It is good to have an architecture that enables small teams of developers to independently implement, test, and deploy code to production safely and quickly – helps increase developer productivity and improve deployment outcomes.
Having loosely coupled architecture with bounded contexts can be achieved through Service Oriented Architecture (SOA). Bounded contexts help developers understand and update the code of service without knowing anything about the internals of the peer service. Bounded contexts ensure that services are compartmentalized and have well-defined interfaces that enables easier testing.
Keeping team sizes small reduces the amount of inter-team communication and encourage the scope of each team’s domain small and bounded.
Chapter 8 – How to get great outcomes by integrating operations into the daily work of development Integrating Ops capabilities into Dev teams would make the teams efficient, productive, and deliver value faster.
One way to enable market-oriented outcomes is for Ops to create a set of centralized platforms and tooling services that any Dev team can use to become more productive such as getting production-like environments, deployment pipelines, automated testing tools, production telemetry dashboards, etc. He would enable Dev teams to spend more time on developing functionality for the customer as opposed to obtaining the infrastructure required to deliver and support that feature in production.
Another way we can enable more market-oriented outcomes is by enabling product teams to become more self-sufficient by embedding Ops engineers within them, thus reducing their reliance on centralized operations. These product teams may also be completely responsible for service delivery and service support.
The main advantage of embedding Ops engineers into Dev teams is that their priorities are driven almost entirely by the goals of the product teams they are part of - and also become closely connected with internal and external customers.
The other option is to have an Ops liaison to each service team – also called "Designated Ops". Their centralized Ops group continues to manage all environments (Prod and Pre-Prod) and helps ensure they remain consistent.
Like in the Embedded Ops model, the liaison attends team standups, integrating their needs into the Operations roadmap and performing any needed tasks.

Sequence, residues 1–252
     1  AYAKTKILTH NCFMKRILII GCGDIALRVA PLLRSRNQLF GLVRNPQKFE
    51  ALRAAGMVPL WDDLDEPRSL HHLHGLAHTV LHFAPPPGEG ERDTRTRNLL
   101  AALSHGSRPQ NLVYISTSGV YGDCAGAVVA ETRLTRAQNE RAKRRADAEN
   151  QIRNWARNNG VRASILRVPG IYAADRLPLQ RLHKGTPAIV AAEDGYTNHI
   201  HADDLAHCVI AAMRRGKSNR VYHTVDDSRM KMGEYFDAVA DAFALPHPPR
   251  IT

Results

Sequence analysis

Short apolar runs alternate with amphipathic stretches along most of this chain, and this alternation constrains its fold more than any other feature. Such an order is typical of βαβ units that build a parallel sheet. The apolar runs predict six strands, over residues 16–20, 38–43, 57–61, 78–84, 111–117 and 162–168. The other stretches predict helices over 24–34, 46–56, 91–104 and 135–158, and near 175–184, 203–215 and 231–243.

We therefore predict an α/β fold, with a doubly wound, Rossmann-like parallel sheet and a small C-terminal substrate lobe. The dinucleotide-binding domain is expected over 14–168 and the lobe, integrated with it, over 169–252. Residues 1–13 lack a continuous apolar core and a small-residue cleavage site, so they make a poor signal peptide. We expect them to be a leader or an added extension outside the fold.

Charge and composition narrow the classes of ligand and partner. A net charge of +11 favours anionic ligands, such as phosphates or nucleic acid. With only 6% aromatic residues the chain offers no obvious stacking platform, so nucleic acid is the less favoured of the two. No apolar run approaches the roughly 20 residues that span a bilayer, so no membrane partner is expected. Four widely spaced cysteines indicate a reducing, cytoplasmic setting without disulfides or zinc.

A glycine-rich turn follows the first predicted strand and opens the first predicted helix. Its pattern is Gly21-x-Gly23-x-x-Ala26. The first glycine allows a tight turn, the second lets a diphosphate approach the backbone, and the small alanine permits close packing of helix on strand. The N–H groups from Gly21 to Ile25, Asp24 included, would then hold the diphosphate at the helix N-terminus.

Having Ops liaisons allows us to support more product teams than the embedded Ops model. The Ops team liaisons could be invited to Dev Standups and Retrospectives which would help them understand any issues faced by the Dev teams and help resolve them at the earliest.
Part III – The technical practices of Flow Chapter 9 - Create the foundations of the Deployment pipeline In order to create fast and reliable flow from Dev to Ops, we must ensure that we always use Production like environments at every stage of the value stream. These environments must be created in an automated manner – ideally on-demand from scripts and configuration information stored in version control and entirely self- serviced without any manual work required.
Long lead times in creating different environments (testing and pre-production) would impair testing and may result in production issues.
Developers should be able to run production-like environments on their own workstations created on-demand and self-serviced.
The creation of these environments does not mean having big documents with a long list of steps – but having a common build mechanism that would enable the creation of any environment within minutes.
Automation could be used for building environments by Copying the virtualized environment (VMware image running scripts) Building an automated environment creation process Using Infrastructure as code configuration management tools such as Ansible, Puppet, Chef, Salt, CF Engine) Using automated operating system configuration tools (Solaris Jumpstart, Red Hat Kickstart, Debian Preseed) Spinning an environment in a public cloud (Amazon web services, Google App Engine, Microsoft Azure services)
Once the creation of development, test, and production environments are enabled, the next step is to create a single repository of truth for the entire system.
By having all production artifacts into version control, we can reliably and repeatedly reproduce all components of our working software system.